Over 20 million dollars are lost every year by car owners on unnecessary and fraudulent auto repairs. The California Bureau of Automotive Repair gets a purported 25,000 complaints about bad car repair jobs. This isn't to say that all car shops are likely to try to scam you. On the contrary, most shops are staffed by good, honest mechanics. But there are exceptions, and for these exceptions, it's easy to people off, since most car owner don't know much about auto repair. Here are some of the most common auto repair scams. Knows these might help you avoid becoming a victim to them.

The Highway Scams
Roadside car shops know that people whose car breaks down on the side of the road, far from home or their destination, will pay almost anything to get it fix and not get possibly stranded in the middle of the highway. These shops might charge ridiculously hiked up prices and some mechanics will even add to the damage during inspection, knowing that you'll probably go ahead and pay rather than risk getting stuck.

False Estimates
When you take your car in for inspection, some shops will give you a really low repair estimate. It won't be in writing and it won't be signed. When you come back to pick your car off, you'll find that the final costs are way higher than the original estimate. The excuse is usually that, during the repairs, additional needed repairs were found. Since there's no way to really verify the legitimacy of these claims, car owners usually end up paying for them. Always make sure to get your estimates on paper and signed to avoid falling for this scam. Be sure to do your research and only hire a trustworthy mechanic for your next smog test in San Diego.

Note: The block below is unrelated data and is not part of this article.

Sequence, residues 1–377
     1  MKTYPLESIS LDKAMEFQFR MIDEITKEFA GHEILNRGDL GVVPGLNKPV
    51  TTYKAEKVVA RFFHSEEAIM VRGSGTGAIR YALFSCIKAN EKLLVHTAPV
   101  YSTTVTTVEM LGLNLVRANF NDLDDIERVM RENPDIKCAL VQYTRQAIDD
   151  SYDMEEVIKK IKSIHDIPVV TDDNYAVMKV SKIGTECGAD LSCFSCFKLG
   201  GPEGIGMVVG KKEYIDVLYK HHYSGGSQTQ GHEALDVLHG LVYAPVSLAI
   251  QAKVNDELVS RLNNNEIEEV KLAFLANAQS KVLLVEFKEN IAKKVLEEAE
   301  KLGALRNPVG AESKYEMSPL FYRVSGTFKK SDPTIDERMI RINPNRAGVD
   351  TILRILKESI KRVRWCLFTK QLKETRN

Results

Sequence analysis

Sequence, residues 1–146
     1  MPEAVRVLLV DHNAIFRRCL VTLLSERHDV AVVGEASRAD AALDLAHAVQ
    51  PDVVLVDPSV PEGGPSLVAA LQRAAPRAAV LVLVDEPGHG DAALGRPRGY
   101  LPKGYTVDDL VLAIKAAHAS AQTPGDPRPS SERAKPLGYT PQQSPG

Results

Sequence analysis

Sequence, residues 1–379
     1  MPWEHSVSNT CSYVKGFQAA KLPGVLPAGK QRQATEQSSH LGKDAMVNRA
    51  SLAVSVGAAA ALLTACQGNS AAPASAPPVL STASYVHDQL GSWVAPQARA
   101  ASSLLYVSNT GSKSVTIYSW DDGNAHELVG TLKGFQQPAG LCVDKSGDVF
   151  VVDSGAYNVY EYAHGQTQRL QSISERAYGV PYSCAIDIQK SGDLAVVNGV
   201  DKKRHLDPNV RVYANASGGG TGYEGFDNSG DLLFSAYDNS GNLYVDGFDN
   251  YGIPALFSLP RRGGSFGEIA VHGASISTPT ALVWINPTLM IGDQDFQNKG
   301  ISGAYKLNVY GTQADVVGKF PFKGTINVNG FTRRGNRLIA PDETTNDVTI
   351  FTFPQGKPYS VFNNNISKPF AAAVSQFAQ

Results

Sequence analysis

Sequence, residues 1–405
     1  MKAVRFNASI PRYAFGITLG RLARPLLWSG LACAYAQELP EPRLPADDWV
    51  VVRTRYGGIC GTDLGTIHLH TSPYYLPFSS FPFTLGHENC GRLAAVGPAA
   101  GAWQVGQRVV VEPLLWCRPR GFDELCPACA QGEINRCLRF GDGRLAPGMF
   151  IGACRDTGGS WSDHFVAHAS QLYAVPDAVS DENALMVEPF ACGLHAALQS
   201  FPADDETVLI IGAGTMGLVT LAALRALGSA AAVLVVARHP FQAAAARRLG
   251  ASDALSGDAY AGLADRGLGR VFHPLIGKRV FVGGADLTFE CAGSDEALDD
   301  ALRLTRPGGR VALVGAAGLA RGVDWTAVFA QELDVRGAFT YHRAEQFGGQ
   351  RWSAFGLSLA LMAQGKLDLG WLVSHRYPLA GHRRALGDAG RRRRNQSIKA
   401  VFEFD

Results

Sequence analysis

Hook Schemes
This is when car repair shops advertise super low deals on maintenance services like oil changes in hopes that you'll come for the special deal and be sold on paying for more expensive repairs or maintenance procedures. Sometimes mechanics will claim to have "discovered" new problems in need of urgent repair, though often time it is they who caused the problem intentionally.

False Parts Replacement
Dishonest mechanics will sometimes claim that a part needs replacing when in fact it is working perfectly well. They'll convince the car owner to pay for the labor and the cost of the new part, when in fact they haven't really done anything to the vehicle at all. To avoid this scam, always ask to see the part that supposedly needs fixing. Ask for this old part back after repairs are done to make sure that it was actually replaced.